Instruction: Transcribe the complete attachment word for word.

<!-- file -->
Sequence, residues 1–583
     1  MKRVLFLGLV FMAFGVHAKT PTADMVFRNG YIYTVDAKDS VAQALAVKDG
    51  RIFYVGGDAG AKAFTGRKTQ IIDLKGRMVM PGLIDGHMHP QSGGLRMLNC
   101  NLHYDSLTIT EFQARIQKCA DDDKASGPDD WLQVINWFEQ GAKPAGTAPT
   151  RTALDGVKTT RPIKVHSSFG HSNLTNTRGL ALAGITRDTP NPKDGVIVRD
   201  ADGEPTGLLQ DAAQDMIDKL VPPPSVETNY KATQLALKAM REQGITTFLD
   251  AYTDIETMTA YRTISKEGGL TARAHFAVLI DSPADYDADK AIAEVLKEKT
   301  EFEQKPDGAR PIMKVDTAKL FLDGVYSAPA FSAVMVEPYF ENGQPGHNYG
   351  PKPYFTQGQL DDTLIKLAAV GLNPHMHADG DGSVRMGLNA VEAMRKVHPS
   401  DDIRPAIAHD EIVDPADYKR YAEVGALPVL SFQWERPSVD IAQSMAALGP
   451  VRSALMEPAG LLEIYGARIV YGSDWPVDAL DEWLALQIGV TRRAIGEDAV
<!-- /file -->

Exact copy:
Sequence, residues 1–583
     1  MKRVLFLGLV FMAFGVHAKT PTADMVFRNG YIYTVDAKDS VAQALAVKDG
    51  RIFYVGGDAG AKAFTGRKTQ IIDLKGRMVM PGLIDGHMHP QSGGLRMLNC
   101  NLHYDSLTIT EFQARIQKCA DDDKASGPDD WLQVINWFEQ GAKPAGTAPT
   151  RTALDGVKTT RPIKVHSSFG HSNLTNTRGL ALAGITRDTP NPKDGVIVRD
   201  ADGEPTGLLQ DAAQDMIDKL VPPPSVETNY KATQLALKAM REQGITTFLD
   251  AYTDIETMTA YRTISKEGGL TARAHFAVLI DSPADYDADK AIAEVLKEKT
   301  EFEQKPDGAR PIMKVDTAKL FLDGVYSAPA FSAVMVEPYF ENGQPGHNYG
   351  PKPYFTQGQL DDTLIKLAAV GLNPHMHADG DGSVRMGLNA VEAMRKVHPS
   401  DDIRPAIAHD EIVDPADYKR YAEVGALPVL SFQWERPSVD IAQSMAALGP
   451  VRSALMEPAG LLEIYGARIV YGSDWPVDAL DEWLALQIGV TRRAIGEDAV